A review of the existing literature on the approach to wine tourism development allowed the authors to establish that there are no papers examining the determinants that could have an impact on participation in tourism activities related to wine in Spain. Moreover, the tested model includes incentives for, and barriers to, the strategic development of wine tourism.

Details

International Journal of Contemporary Hospitality Management, vol. 21 no. 7
Type: Research Article
ISSN: 0959-6119

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Article
Publication date: 1 February 2002

Liz Sharples

This paper examines the development of Wine Tourism in the country of Chile. In particular it looks at the different approaches that are being adopted by both private and…

Abstract

This paper examines the development of Wine Tourism in the country of Chile. In particular it looks at the different approaches that are being adopted by both private and public organisations in Chile, in order to promote the country to the ‘Wine Tourist’, as both an attractive holiday destination and, as a provider of quality wines. Chile has much to offer the tourist. A unique landscape, a wide range of climates, and an interesting culture and history which together provide a wealth of differing holiday opportunities. Although wine can be a prime motivator for tourists visiting the country, for example, embarking on wine tours with specialist international travel companies, such as Arblaster and Clarke (http://arblaster&clarke.ww‐c.co.uk), wine can also be a secondary activity that can be enjoyed as just part of a holiday. For example, tourists might take an opportunity to ‘sign up’ for a half day tour to a winery provided by a local company or simply ‘drop in’ to a winery in order to taste and possibly buy some wine when travelling through a wine growing area.

Details

International Journal of Wine Marketing, vol. 14 no. 2
Type: Research Article
ISSN: 0954-7541

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Article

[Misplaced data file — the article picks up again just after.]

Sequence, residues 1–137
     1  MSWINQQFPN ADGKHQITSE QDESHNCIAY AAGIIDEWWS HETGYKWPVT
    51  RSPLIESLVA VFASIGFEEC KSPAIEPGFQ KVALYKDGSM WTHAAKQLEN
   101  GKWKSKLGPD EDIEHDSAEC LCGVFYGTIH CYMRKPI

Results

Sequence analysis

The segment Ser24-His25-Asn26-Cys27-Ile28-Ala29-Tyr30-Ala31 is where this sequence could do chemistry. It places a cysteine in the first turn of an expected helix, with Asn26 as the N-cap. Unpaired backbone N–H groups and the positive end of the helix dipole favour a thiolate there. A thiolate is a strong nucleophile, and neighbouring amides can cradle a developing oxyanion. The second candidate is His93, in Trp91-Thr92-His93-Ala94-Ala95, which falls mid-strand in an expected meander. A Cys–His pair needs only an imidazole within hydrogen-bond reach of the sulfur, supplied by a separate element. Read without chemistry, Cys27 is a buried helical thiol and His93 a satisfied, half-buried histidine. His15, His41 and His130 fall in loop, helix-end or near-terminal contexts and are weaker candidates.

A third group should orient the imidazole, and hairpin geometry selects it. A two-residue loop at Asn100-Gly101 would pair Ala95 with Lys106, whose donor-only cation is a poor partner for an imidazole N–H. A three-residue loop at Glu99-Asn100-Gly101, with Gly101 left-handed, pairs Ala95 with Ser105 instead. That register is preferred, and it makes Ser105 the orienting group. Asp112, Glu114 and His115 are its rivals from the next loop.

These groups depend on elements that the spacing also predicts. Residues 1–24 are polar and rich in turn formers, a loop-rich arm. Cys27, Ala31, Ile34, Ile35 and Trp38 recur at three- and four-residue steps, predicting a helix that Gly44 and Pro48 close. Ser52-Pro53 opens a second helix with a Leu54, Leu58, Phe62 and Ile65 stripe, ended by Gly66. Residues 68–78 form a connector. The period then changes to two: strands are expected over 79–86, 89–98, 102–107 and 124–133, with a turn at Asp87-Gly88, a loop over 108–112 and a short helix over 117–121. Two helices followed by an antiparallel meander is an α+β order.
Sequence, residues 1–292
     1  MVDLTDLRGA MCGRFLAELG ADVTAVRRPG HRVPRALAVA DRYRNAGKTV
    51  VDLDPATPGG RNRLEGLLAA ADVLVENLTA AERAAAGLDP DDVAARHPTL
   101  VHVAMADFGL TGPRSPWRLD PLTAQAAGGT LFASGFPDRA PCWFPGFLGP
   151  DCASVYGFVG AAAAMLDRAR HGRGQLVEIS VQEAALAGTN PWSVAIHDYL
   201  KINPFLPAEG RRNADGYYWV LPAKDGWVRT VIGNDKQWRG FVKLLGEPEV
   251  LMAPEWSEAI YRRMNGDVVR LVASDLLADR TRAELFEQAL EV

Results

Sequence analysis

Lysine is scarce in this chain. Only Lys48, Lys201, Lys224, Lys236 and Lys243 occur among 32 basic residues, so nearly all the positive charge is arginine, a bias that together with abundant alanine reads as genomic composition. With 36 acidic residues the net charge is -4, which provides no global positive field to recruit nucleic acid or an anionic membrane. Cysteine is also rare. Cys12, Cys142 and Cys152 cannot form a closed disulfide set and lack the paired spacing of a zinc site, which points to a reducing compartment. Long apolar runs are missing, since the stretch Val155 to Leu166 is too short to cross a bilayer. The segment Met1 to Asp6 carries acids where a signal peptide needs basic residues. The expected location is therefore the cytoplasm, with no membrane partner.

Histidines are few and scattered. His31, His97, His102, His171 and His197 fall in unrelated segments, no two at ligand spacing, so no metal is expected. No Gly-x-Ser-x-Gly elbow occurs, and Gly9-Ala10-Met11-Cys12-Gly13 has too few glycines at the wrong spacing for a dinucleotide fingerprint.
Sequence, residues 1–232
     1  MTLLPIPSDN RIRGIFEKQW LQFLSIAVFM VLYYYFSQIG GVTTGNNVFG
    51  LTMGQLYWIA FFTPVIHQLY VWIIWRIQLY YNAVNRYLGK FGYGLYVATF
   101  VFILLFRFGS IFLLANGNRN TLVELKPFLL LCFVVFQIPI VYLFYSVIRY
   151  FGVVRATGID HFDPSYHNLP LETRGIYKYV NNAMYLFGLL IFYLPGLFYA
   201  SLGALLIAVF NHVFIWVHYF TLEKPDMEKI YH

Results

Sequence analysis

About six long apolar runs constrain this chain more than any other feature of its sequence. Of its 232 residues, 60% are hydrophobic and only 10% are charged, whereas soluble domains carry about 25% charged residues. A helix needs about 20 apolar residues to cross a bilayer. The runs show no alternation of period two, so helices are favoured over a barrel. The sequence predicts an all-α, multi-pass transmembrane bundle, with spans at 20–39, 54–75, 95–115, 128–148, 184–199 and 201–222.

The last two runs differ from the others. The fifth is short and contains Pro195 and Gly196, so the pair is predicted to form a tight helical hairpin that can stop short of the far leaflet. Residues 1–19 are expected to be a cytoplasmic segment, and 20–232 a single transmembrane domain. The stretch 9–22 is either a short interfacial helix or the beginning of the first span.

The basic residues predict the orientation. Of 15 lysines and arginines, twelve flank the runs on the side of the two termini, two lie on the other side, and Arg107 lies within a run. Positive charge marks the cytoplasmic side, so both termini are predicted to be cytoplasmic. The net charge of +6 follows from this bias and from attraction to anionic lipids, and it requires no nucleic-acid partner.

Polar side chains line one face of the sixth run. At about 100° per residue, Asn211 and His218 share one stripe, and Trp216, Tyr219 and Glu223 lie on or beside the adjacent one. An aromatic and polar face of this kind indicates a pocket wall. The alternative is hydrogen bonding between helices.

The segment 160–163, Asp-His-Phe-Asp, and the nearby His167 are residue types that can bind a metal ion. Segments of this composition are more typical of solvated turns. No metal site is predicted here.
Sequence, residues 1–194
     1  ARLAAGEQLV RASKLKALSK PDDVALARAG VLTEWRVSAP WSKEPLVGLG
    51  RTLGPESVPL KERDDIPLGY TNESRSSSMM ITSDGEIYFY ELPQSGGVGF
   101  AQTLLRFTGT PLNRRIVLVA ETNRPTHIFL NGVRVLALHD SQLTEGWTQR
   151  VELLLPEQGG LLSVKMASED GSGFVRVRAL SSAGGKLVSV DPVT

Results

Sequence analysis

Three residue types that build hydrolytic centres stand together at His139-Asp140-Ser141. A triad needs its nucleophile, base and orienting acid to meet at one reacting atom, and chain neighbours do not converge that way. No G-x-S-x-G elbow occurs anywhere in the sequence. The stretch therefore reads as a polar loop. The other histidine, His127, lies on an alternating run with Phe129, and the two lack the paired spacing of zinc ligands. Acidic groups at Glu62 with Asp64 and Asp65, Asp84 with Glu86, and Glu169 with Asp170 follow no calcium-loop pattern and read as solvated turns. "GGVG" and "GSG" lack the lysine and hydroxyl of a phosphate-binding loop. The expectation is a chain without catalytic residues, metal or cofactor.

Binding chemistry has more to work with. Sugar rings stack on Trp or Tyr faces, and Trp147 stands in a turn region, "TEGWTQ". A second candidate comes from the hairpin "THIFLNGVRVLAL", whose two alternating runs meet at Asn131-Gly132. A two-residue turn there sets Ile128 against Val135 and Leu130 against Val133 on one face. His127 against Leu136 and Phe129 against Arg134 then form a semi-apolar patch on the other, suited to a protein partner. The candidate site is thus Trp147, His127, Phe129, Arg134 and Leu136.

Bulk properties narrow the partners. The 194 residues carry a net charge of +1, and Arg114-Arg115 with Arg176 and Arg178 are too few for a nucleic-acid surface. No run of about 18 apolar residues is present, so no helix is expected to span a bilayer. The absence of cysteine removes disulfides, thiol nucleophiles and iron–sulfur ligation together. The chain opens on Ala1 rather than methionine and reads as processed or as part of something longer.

Publication date: 1 January 2006

Astrid Wargenau and Deborah Che

This research investigated wine tourism development and marketing in southwest Michigan, a longtime viticultural, but emerging wine tourism region. The aims involved…

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3581

Abstract

Purpose

This research investigated wine tourism development and marketing in southwest Michigan, a longtime viticultural, but emerging wine tourism region. The aims involved discovering the motivations, expectations, and successes of Southwest Michigan Wine Trail member wineries in developing horizontal and vertical alliances.

Design/methodology/approach

Semi‐structured, in‐depth interviews were conducted with individuals in charge of the wineries’ marketing activities (i.e. marketing directors and members of the marketing departments, winery owners). These interviews were recorded and transcribed. Activities fostered through the horizontal and vertical alliances were identified.

Findings

Alliances along the Southwest Michigan Wine Trail have furthered the development and marketing of wine tourism. The trail's member wineries have formed strong horizontal relationships, which include joint advertising, promotion, and production. They have also built vertical relationships with tour operators, lodging businesses, and restaurants that promote individual wineries as well as the wine region. Wine tourism has provided wineries with another sales outlet and established the wine region as a destination.

Originality/valve

This study contributed to the limited literature on the development and marketing of wine tourism in Michigan and in other emerging wine regions in the United States. For those working to further such rural/agri‐tourism, this research indicated that there is considerable growth potential through an increased presence in restaurants and in packaging with accommodations. Adding new specialized wine tours, wine festivals,geographical target markets, and a focus on wine education on‐site and at educational institutions can expand wine tourism and sales.

Details

International Journal of Wine Marketing, vol. 18 no. 1
Type: Research Article
ISSN: 0954-7541

Keywords